A 64-year-old homeless man who garnered public support after his makeshift shelter was removed by police is now facing assault charges after an incident at a pharmacy in Byron.
According to investigators, a man entered the pharmacy at 1224 Commissioners Rd. W. at around 4 p.m. Sunday and began arguing with a cashier. He allegedly assaulted her before leaving the pharmacy.
Police responding to the incident found a suspect in Springbank Park, and he began yelling obscenities at an officer. They say the man used foul language while in the presence of families with young children and was uncooperative.
It’s alleged the man resisted police while being taken into custody and assaulted one of the arresting officers.
James Gill, also known as Sunny James, has been charged with assault, assaulting a peace officer, causing a disturbance, and resisting arrest.
The victims did not sustain any injuries in relation to the assaults.
The incident comes two days after a brief arrest on Friday evening that caused an uproar on social media.
London police say they were asked by city officials to attend to the scene at Highbury Avenue and Huron Street after James was deemed to have broken city bylaws of obstructing property.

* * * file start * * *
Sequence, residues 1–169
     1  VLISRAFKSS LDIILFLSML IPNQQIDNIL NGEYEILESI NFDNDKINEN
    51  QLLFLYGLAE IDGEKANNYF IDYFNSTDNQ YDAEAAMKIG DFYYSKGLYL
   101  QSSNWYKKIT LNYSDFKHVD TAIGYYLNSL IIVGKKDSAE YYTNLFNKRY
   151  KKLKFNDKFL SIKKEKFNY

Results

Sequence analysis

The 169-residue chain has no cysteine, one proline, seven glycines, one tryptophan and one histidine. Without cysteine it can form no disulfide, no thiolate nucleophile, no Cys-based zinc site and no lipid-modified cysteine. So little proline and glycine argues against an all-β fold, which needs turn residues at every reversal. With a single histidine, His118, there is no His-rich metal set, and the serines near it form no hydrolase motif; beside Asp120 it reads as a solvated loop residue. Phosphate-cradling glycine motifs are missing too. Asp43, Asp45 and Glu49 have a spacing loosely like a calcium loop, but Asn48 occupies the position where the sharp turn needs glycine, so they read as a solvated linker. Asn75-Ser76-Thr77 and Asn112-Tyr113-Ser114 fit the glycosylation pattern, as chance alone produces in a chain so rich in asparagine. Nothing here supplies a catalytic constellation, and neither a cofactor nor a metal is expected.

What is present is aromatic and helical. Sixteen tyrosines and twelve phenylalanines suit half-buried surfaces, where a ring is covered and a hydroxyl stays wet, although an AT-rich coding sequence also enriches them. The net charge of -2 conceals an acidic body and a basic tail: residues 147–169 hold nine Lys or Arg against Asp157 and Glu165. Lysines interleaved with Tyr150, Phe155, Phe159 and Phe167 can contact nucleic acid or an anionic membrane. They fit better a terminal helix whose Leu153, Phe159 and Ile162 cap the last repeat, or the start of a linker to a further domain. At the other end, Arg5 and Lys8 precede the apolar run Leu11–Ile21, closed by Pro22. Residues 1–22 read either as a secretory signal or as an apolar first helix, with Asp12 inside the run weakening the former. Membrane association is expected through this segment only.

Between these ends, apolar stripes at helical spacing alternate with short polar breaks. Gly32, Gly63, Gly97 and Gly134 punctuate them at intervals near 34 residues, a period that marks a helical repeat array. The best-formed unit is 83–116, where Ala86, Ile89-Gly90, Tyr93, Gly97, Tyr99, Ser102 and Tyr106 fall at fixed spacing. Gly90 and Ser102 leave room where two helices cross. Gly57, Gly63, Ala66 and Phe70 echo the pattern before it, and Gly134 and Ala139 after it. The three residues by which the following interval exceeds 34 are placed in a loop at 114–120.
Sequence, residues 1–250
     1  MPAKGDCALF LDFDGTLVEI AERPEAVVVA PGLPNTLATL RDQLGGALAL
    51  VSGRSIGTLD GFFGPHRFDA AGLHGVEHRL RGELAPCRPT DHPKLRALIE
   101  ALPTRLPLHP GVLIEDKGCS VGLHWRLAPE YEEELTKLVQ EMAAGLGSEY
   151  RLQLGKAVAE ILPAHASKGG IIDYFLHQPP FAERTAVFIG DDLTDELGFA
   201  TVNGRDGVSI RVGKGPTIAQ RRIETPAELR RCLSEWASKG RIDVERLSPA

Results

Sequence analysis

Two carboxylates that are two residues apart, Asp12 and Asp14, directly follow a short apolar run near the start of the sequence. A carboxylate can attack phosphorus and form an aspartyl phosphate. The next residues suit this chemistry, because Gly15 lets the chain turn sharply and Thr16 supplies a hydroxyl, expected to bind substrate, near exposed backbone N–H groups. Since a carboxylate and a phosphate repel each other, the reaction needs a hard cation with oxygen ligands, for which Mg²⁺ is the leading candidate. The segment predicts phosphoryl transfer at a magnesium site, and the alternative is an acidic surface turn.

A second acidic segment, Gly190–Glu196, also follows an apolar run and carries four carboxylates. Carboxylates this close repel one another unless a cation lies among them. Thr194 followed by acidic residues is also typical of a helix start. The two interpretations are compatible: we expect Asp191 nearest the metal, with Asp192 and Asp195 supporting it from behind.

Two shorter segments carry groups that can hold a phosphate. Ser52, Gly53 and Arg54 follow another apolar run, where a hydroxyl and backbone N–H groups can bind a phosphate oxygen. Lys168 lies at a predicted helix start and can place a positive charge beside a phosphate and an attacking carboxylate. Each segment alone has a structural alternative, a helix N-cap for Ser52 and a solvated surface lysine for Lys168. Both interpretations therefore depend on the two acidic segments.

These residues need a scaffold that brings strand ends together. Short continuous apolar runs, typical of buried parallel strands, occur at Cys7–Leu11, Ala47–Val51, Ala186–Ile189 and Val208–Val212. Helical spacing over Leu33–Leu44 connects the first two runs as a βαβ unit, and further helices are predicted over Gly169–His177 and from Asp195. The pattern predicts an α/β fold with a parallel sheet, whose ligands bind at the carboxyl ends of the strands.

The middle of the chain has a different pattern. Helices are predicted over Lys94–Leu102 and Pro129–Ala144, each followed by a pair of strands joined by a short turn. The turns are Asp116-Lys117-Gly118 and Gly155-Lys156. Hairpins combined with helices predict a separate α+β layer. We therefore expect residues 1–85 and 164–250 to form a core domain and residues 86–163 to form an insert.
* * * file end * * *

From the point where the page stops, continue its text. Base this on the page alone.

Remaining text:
The city’s chief bylaw officer, Orest Katolyk, says putting James’ belongings — including two well-known shopping carts — into a trailer and taking them to a secure place was a last resort after several social agencies were called in.
“What many citizens aren’t aware of is the number of social service agencies that have been involved in this occurrence over the past several weeks. [Their] assistance was denied,” he explained.
Despite a GoFundMe page set up with proceeds going directly to James in the wake of Friday’s events, Katolyk says the city has received largely positive feedback for how they handled several complaints about James’ makeshift shelter.
“Some of those complaints were pertaining to his behaviour, when they were walking on the city sidewalk. There was concern about their safety. Other complaints were the mobility of persons, so people in scooters could not get safely past him.”
While there’s been criticism online directed at the London Police Service and the city itself, Abe Oudshoorn of the London Homelessness Coalition casts the blame on those who made the complaints in the first place.
“What does it take for us as a community to really stretch ourselves and really understand that some people are different. Some people have tough needs, complex needs, difficult mental health challenges, and to help them when they want help and then to maybe let them be when they want to be let be,” he said.
“The tough thing is there really is no simple solution for this, because Sunny is not interested in a lot of the solutions that we might naturally jump to.”
No charges were laid at the time but witnesses described a “terrifying” ordeal that prompted an uproar on social media.
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